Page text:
Terror on the Prairie: Best of the West, by Tyler Smith
Though rigidly specific in its iconography, the Western genre is surprisingly broad in its scope. Some Westerns take place over decades, featuring dozens of characters and intricate action sequences. Others, however, strip away everything from the genre until it is in its purest form: the wide open spaces, a few guns, and a confrontation. Michael Polish’s Terror on the Prairie falls into the latter category, and even goes further than even the starkest of these, resulting in a lean, mean Western that creates a near-constant tension, with none of the genre frills to provide comfort for the audience. Though the film is far from perfect, it is a solid, engaging modern Western.
The story revolves around a family struggling to make ends in rural, post-Civil War Montana. Discontented Hattie (Gina Carano) strives to stand by her husband, Jeb (Donald Cerrone), but quietly desires to return to urban life in Missouri. Aware of his wife’s growing frustration, Jeb travels to a nearby town to find a job, leaving Hattie and her children alone. A small posse of criminals, led by a jovial man simply called “The Captain” (Nick Searcy), approach Hattie, who initially invites them into her home, but soon realizes they are a danger to her children. She kicks the criminals out and barricades herself inside her home. The outlaws refuse to ride on, eager to get back into the cabin, revealing that they know more about Hattie – and Jeb – than she initially suspected.
With minimal stylistic flourishes and literally no scoring, a film like this is reliant on the dialogue and acting to sell the stakes of the situation, and Terror on the Prairie features a strong ensemble of character actors who look right at home in this unforgiving territory. The strongest performance, unsurprisingly, is given by Nick Searcy, who, despite being a reliable character actor, is often underutilized. Here, though, as the Bible-quoting, charismatic leader of the posse, he is allowed to strut and seethe, all while imbuing the character with recognizable motivations. Like any genre, the most memorable Westerns owe a lot to their villains, and The Captain is a doozy.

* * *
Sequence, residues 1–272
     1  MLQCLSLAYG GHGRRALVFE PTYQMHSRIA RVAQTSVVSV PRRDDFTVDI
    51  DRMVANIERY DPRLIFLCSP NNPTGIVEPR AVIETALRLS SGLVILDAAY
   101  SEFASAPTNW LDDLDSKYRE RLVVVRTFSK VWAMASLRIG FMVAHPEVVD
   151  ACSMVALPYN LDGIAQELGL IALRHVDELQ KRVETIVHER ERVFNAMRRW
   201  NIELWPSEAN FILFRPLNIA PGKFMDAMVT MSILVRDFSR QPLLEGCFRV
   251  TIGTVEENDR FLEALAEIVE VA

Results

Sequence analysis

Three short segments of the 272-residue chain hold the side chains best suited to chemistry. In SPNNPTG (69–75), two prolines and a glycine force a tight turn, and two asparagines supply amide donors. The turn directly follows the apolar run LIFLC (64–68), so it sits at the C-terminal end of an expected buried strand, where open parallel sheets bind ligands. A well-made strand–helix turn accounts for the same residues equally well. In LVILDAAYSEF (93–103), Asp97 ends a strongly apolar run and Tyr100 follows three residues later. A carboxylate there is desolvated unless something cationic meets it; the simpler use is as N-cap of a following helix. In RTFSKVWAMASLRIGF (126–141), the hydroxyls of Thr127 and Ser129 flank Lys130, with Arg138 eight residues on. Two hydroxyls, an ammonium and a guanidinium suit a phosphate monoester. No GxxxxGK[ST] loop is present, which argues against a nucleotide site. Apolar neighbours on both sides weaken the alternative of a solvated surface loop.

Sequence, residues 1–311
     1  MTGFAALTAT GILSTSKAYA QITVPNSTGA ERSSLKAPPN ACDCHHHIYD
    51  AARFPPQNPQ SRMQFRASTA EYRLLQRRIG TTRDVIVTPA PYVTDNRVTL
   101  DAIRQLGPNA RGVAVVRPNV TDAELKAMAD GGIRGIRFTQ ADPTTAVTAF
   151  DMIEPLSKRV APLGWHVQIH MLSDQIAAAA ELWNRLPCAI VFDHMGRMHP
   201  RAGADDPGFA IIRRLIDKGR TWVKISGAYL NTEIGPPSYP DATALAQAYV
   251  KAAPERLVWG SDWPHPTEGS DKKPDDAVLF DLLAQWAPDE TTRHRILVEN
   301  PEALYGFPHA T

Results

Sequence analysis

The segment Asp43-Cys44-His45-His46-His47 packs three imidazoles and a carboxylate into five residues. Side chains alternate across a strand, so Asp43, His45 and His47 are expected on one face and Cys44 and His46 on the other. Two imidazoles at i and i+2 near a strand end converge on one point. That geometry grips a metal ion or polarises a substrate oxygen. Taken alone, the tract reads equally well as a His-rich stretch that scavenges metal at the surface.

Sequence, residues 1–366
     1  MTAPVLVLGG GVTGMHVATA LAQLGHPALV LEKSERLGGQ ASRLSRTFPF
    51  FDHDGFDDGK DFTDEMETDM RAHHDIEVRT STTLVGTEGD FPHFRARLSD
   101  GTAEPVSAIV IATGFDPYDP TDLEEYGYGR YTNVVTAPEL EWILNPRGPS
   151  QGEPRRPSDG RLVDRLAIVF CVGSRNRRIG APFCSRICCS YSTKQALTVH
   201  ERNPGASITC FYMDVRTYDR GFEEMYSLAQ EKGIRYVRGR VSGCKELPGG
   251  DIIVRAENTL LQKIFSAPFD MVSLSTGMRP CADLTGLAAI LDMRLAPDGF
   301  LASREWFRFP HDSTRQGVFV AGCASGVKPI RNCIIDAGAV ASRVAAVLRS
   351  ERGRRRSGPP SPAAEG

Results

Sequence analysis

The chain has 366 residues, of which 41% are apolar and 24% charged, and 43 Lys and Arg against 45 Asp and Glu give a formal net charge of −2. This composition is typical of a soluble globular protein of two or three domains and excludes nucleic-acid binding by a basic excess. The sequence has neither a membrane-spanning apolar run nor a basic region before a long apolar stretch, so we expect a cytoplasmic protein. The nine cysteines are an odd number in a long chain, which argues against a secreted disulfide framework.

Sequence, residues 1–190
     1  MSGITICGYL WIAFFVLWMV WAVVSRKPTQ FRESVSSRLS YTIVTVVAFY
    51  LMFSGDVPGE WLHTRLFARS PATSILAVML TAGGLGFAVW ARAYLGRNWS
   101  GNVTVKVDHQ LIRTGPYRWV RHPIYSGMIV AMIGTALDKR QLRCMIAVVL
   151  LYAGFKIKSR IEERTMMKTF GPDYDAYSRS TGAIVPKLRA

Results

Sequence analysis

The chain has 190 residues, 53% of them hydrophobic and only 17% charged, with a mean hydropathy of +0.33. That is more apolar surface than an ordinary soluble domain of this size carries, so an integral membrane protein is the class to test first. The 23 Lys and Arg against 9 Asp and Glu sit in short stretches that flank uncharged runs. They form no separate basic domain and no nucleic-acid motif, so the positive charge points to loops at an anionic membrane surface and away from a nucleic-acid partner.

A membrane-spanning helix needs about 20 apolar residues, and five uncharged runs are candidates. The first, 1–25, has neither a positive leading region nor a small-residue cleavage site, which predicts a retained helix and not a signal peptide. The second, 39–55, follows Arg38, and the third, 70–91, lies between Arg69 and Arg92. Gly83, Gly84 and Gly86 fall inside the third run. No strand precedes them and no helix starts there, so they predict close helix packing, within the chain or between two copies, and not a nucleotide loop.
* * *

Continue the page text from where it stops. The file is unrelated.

As Hattie, Gina Carano displays both her strengths and weakness as an actor. Her delivery is occasionally stilted. She sounds unsure of herself, which undercuts the confidence of the character. Carano’s true talent is in her physicality. A former MMA fighter, Carano is so in tune with her body that we believe her when she plays physically strong characters like a soldier in The Mandalorian or an assassin in Haywire. Hattie is a woman who needs to believably hold her own against multiple seasoned criminals, and a less confident actor could let herself be swallowed up by the situation. The combination of Carano’s less-than-perfect line delivery and her physical sturdiness actually works – albeit accidentally – to make Hattie a character who is tremendously capable, but may not actually know it.
Carano is helped by a script that allows Hattie to be a woman of action and not words. And she is given solid support through Steeven Petitteville’s capable camerawork, which can quietly reveal what the dialogue cannot. The film may not have much extraneous style, but it is still photographed and edited in a way that plays into an atmosphere in which what a person says is never quite as trustworthy as what they don’t. While the tight-lipped nature of the characters sometimes leads to audience confusion about motivations, it goes a long way in creating a larger tone of uncertainty and fear.
In the end, Terror on the Prairie is an effective little Western. It may not have the larger thematic scope of films like Unforgiven or The Assassination of Jesse James by the Coward Robert Ford, which attempt to deconstruct the genre. Instead, it finds its company more in films like Appaloosa and Open Range. It is a film that finds beauty and comfort in the trappings of the genre, even while engaging in its darker elements.